Vitamin Code is Raw Food Vitamins

THE VITAMIN CODE IS THE FIRST ALL-RAW MULTIVITAMIN WITH FOOD-CREATED NUTRIENTS

Garden of Life, Inc., a leading innovator in the Natural Products industry, announced the launch of The Vitamin Code, a groundbreaking dietary supplement line created to change the way Americans take vitamins and minerals forever.

Unlike many synthetic multivitamins produced in laboratories, The Vitamin Code formulas are individually cultivated with their unique raw food created nutrients and Code Factors intact, enabling targeted delivery of nutrients recognized as food by the body. The raw vitamins deliver living enzymes and probiotics and are uncooked, untreated and unadulterated without added binders and fillers. In addition, the vitamins are 100 percent vegan and do not contain any soy allergens, gluten, dairy or fructose.

―The feedback and demand from thousands of health and wellness retailers has been tremendous because there are no other multivitamin products like this on the market,‖ said Brian Ray, Garden of Life‘s president. ―Both retailers and consumers are demanding products that go beyond organic,‘ so we believe we have hit the mark with the raw vitamins, minerals, and co-factors in The Vitamin Code formulas. We are extremely excited to bring this important new product to market because we feel that raw nutrients and supplementation is the next big thing for the Natural Products industry.‖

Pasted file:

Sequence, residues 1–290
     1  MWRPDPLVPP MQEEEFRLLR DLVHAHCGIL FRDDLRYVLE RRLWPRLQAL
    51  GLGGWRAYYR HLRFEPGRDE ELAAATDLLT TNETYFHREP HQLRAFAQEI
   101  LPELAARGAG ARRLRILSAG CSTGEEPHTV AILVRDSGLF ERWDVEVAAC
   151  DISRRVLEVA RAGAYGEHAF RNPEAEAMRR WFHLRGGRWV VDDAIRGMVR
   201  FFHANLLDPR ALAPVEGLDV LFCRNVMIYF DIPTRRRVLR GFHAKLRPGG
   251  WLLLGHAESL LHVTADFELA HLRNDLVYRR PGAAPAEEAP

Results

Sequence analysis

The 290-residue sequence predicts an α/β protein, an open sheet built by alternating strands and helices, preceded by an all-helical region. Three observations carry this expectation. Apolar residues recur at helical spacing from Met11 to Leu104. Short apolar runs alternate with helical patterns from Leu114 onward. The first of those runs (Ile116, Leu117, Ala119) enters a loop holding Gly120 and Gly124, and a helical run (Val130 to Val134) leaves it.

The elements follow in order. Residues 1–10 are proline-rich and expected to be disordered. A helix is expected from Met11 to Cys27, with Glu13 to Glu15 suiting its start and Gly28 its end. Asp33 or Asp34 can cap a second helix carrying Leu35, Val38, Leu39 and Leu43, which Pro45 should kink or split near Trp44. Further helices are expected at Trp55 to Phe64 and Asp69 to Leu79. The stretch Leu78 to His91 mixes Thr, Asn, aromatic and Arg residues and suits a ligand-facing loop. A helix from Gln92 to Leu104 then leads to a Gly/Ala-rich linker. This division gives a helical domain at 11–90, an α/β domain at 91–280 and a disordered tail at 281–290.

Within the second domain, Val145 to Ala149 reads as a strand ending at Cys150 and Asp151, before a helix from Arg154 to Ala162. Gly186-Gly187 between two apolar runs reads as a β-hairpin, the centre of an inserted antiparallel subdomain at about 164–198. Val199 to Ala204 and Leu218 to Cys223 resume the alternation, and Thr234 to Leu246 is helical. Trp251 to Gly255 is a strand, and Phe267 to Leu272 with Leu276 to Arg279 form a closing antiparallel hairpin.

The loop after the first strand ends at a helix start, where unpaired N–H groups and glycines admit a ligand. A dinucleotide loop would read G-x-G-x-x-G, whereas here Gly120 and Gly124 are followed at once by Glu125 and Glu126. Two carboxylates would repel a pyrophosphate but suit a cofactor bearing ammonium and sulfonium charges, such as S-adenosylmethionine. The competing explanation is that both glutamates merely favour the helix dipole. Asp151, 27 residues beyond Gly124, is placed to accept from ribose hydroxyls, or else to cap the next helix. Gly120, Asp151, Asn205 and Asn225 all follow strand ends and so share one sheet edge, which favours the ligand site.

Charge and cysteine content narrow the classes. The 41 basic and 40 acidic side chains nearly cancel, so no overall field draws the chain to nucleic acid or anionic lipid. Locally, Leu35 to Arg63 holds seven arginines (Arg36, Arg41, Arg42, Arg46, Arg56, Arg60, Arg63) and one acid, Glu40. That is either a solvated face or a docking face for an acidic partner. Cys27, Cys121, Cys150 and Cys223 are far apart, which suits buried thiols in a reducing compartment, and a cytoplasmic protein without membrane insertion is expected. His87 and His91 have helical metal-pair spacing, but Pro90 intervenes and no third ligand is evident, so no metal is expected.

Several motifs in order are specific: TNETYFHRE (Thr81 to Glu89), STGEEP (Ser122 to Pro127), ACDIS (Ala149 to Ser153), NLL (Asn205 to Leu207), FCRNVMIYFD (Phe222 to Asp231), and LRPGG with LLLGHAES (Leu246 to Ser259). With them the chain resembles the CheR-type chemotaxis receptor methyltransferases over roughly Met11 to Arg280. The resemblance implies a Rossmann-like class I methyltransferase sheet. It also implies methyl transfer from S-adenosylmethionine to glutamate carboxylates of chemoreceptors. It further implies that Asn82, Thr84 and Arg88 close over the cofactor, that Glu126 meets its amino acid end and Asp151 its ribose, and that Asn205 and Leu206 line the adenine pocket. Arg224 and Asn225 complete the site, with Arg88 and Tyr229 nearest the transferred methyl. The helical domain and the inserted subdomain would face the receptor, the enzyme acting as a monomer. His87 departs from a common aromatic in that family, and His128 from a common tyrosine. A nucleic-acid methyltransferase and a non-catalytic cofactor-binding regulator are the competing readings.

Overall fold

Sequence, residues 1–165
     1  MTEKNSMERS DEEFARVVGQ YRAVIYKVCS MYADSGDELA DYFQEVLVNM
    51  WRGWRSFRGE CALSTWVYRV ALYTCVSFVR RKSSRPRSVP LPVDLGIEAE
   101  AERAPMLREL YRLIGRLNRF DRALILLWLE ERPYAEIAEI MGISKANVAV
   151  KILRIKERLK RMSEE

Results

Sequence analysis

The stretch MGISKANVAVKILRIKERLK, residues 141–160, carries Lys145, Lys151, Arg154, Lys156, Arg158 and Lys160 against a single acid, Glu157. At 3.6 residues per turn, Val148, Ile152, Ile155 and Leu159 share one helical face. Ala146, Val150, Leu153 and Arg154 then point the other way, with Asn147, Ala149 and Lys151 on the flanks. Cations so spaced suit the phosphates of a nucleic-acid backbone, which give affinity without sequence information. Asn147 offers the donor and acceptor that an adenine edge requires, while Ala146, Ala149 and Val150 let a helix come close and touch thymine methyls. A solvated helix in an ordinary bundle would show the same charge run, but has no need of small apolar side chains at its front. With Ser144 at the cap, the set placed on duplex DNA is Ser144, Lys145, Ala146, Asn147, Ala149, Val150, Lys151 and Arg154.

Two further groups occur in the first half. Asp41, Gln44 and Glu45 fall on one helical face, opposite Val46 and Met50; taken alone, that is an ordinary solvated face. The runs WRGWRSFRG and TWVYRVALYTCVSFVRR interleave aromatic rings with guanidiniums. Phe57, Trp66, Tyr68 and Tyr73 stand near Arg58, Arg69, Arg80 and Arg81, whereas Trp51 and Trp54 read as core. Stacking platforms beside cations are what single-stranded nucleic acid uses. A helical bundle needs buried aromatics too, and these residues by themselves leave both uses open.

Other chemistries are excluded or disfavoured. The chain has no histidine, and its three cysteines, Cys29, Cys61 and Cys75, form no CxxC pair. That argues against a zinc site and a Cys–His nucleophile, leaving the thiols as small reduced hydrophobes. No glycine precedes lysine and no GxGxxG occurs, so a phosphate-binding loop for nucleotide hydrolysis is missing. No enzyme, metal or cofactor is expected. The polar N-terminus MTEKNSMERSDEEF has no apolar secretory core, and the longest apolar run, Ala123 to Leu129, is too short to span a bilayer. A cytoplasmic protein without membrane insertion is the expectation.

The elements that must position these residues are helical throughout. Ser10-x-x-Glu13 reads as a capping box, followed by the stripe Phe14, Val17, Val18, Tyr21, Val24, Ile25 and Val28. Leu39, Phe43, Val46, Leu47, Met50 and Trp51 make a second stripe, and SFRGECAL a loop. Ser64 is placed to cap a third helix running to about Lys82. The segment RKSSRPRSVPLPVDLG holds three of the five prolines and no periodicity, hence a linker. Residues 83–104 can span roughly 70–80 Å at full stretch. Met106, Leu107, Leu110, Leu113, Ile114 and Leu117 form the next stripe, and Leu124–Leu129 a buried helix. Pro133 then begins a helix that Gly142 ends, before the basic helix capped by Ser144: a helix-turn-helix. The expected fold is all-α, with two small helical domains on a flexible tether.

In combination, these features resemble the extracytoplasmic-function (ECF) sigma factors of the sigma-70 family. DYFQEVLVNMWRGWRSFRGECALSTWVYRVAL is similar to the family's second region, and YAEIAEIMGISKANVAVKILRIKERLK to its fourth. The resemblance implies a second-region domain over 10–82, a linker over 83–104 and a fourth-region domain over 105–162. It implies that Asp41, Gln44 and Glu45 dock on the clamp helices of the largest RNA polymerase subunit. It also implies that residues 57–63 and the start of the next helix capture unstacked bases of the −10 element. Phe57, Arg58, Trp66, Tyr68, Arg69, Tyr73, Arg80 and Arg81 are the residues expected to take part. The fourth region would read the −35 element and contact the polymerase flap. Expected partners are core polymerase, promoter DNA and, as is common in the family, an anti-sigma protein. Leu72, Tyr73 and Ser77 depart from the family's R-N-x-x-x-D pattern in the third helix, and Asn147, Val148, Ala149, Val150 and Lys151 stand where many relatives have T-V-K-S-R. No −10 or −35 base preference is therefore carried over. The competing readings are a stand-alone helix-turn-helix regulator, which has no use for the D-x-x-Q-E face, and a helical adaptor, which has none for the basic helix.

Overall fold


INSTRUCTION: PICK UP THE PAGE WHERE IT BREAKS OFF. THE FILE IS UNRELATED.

The Vitamin Code features six targeted formulas: Vitamin Code Women‘s formula; Women 50 & Wiser; Vitamin Code Men‘s formula; Men 50 & Wiser; Vitamin Code Family formula for adults as well as children six and older; and the Vitamin Code Perfect Weight formula for effective weight management. All ingredients are 100 percent active and have not been subjected to the high heat used in tablet manufacturing.

Validated by scientific research, The Vitamin Code is an exciting discovery linked to a Nobel Prize winner, a determined biochemist, and an escape from the Iron Curtain in the 1950s. Endre ―Andy‖ Szalay, a Hungarian pharmacist, became interested in vitamin research when he sat in on lectures at the University of Szeged by Dr. Albert Szent-Gyorgyi, who won the Nobel Prize in 1937 for discovering vitamin C (ascorbic acid).